In a bid to go for gold and attempt to convince some of our users that this was a legitimate new section, I asked Anthony if he would be willing to write the update on the front page. I figured it would be too obvious if I authored it, since veterans of Toho Kingdom’s previous April Fools’ Days would be quick to remember 2009’s flash intro prank. Anthony agreed, and his “we’re just getting our feet wet” wording was certainly the wrapping that this joke needed. A hilarious companion piece to the animation, his update even included the notorious March 32nd date in accordance with tradition.

    When all was said and done, we had a rather friendly joke that really didn’t leave people hanging.

    General // April 7, 2013
  • Outside of Toho Kingdom, I’m rather notorious among my coworkers for being the proverbial “wet blanket” when it comes to practical jokes. Perhaps it’s just my philosophy to always try to make a prank friendly or to always have it end with a sigh of relief; regardless, practical jokes are a rarity for me. Nevertheless, the internet provides a medium that allows for my style of humor, and there is one day in the year where there is a universal, unspoken law that gives me an outlet for my shenanigannery.

    TK Staff Trading Cards
    (Collect Them All!)

    The day in question is, of course, April Fools’ Day; and what better way to celebrate than by adding a completely unusable web store, posting an unnecessary flash intro without the benefit of a skip intro button (the 2009 joke), contributing to a self-indulgent blog (the 2007 joke), or even hiring on completely fictional staff members whilst plunging the forums into a sea of random, word-censored confusion (the 2006 joke)? But I digress, let’s concentrate on the most recent one.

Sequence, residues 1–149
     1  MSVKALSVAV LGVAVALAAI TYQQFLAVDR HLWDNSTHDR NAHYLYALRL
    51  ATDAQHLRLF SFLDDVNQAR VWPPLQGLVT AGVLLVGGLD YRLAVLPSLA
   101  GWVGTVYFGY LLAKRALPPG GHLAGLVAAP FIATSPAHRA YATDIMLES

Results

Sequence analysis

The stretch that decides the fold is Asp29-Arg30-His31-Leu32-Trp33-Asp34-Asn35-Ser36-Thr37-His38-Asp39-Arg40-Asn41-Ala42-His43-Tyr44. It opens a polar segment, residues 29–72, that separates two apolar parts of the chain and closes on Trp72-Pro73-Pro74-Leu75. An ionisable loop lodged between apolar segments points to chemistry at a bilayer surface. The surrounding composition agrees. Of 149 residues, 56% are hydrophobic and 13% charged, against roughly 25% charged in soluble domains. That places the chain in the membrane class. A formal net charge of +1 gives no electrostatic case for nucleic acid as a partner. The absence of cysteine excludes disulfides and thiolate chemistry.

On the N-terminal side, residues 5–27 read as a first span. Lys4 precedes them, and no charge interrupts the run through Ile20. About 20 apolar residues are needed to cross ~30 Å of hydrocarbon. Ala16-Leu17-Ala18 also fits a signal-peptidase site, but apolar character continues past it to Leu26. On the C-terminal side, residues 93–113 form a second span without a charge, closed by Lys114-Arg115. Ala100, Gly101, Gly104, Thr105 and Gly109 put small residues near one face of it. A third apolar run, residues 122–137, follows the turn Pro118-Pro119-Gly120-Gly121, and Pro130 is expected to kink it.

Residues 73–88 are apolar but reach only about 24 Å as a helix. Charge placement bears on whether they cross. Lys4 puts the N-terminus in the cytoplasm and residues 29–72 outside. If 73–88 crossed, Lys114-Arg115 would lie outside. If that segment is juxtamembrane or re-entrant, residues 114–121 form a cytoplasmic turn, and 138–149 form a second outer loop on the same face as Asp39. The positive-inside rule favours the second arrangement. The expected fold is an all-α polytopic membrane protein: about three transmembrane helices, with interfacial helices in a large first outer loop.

For 2010, I had two ideas for the April Fools’ Day prank. I submitted them both to Anthony for consideration, just on the off chance that he didn’t have a joke already planned. The first idea was a Toho Kingdom quiz, where members would have to answer trivia in order to gain access to the site. The second idea was a Toho Kingdom store, where users would be offered the chance to buy overpriced, overrated memorabilia.

    The blue kanji, which were superimposed onto several of the original images, roughly translate to “April Fools’ Day”.

    The second idea was agreed upon, and work began to make what I thought would be an instantly unbelievable store to showcase a variety of completely asinine items. The kiosque was posted on the index page, situated above an inactive checkout button.